Their choice admirably fits both the shape and character of the site. Egg-shaped in plan, the building fills out most of a lot that would defy a conventional, rectilinear scheme, which, in any case, would have been inappropriate given an open-ended location at the very edge of the downtown street grid. The chief architectural embellishments visible from the symphony hall site are rather nondescript -- office buildings, modern apartment towers, parking lots. (Its most distinguished neighbor, the old gray-stone Mount Royal Station, is situated in a hollow and hidden by trees.)

Nonetheless, the architects made a handsome bow to Baltimore tradition by covering the building in a particularly winsome variety of iron-spot bricks. This also adds a bit of muscle to the oval form, which from several points of view looks like an improbably streamlined, impossibly inflated industrial smokestack. For all that, it retains a certain circumspect elegance.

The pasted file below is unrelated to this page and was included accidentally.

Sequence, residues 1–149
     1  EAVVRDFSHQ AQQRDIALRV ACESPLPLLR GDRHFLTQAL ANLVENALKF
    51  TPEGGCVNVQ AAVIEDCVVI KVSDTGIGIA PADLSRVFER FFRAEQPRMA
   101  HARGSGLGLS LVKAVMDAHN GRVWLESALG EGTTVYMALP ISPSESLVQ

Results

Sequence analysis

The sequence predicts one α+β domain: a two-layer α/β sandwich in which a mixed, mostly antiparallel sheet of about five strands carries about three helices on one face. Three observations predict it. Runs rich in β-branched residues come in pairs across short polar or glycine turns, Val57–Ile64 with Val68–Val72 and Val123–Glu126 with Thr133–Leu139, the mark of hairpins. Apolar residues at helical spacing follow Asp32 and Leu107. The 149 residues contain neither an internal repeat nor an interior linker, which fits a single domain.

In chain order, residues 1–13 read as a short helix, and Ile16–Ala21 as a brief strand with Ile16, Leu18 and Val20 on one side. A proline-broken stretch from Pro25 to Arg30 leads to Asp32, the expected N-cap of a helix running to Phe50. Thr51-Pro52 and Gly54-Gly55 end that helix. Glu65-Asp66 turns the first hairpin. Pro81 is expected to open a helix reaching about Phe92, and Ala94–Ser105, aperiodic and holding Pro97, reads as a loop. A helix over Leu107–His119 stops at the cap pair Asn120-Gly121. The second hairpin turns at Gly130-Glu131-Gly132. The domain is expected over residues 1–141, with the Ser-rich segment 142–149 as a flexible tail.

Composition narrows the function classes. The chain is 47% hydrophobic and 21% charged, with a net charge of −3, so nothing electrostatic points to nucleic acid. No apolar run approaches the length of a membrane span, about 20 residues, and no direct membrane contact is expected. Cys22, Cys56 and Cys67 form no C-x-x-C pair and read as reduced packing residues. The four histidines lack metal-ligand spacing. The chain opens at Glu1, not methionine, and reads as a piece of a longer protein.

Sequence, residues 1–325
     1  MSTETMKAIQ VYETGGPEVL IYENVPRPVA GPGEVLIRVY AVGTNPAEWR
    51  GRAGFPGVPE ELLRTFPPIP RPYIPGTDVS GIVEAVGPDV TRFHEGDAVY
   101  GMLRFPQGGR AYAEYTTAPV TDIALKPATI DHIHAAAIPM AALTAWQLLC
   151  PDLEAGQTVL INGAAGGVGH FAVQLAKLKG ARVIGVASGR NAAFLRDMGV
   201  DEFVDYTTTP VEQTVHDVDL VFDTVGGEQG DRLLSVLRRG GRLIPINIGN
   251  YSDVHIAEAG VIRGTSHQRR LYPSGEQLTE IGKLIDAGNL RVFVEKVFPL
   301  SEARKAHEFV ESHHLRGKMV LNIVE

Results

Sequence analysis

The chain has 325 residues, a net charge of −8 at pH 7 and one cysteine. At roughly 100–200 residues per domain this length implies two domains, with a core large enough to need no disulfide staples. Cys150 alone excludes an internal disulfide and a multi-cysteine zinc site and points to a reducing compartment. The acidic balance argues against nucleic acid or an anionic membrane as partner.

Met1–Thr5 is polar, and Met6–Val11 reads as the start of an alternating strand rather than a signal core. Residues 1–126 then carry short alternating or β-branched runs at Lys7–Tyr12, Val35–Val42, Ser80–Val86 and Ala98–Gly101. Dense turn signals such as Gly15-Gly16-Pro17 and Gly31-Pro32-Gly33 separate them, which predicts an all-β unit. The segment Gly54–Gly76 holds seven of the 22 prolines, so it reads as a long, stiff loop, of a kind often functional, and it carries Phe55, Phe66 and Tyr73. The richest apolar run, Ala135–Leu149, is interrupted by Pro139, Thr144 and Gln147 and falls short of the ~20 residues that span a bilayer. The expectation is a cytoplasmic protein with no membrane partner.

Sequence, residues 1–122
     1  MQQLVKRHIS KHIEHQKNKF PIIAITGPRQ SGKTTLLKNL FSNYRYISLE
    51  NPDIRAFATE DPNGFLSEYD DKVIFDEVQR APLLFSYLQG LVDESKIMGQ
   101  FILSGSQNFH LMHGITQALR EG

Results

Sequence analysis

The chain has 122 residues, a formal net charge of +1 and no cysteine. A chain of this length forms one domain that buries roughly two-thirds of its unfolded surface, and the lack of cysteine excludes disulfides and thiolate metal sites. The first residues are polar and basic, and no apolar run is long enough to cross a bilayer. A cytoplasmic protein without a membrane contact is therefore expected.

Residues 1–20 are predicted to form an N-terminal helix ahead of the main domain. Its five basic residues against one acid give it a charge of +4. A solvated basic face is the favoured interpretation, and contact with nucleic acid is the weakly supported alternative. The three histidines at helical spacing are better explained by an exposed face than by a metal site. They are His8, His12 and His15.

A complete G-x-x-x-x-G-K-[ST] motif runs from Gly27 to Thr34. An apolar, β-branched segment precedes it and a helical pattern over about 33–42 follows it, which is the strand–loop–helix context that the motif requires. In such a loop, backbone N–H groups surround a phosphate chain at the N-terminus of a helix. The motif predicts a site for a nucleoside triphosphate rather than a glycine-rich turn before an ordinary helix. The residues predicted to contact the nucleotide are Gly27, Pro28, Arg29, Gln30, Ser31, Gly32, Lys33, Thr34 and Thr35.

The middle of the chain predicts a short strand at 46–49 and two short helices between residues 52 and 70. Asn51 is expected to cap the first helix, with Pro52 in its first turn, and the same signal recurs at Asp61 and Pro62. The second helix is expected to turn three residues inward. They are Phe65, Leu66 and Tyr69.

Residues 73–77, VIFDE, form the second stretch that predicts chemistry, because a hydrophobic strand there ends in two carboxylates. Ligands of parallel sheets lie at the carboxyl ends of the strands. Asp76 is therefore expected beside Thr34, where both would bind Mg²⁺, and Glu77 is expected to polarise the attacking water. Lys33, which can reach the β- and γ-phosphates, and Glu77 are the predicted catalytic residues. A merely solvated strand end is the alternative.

Inside, in the apt description of its sound consultant (Robert Newman of Bolt, Beranek and Newman), the music hall is a "collage of curves and brushed surfaces." Architects and acoustical people alike assure us that the logic behind the hall's design is heavily determined by the need for sound reflective surfaces -- rough and curved, that is, as opposed to smooth and flat.

Hence the side walls of the auditorium are divided into a sequence of towering vertical scallops of varying allignment and lateral dimension, covered with heavy coats of rough-textured white plaster. Hence, too, the huge concrete acoustical "clouds" that dot the ceiling; the adjustible, wood-veneered fiberglass "clouds" that hover above the stage, and even the cascade of eyebrow forms on the side walls (called "down-kickers" in acousti-glish).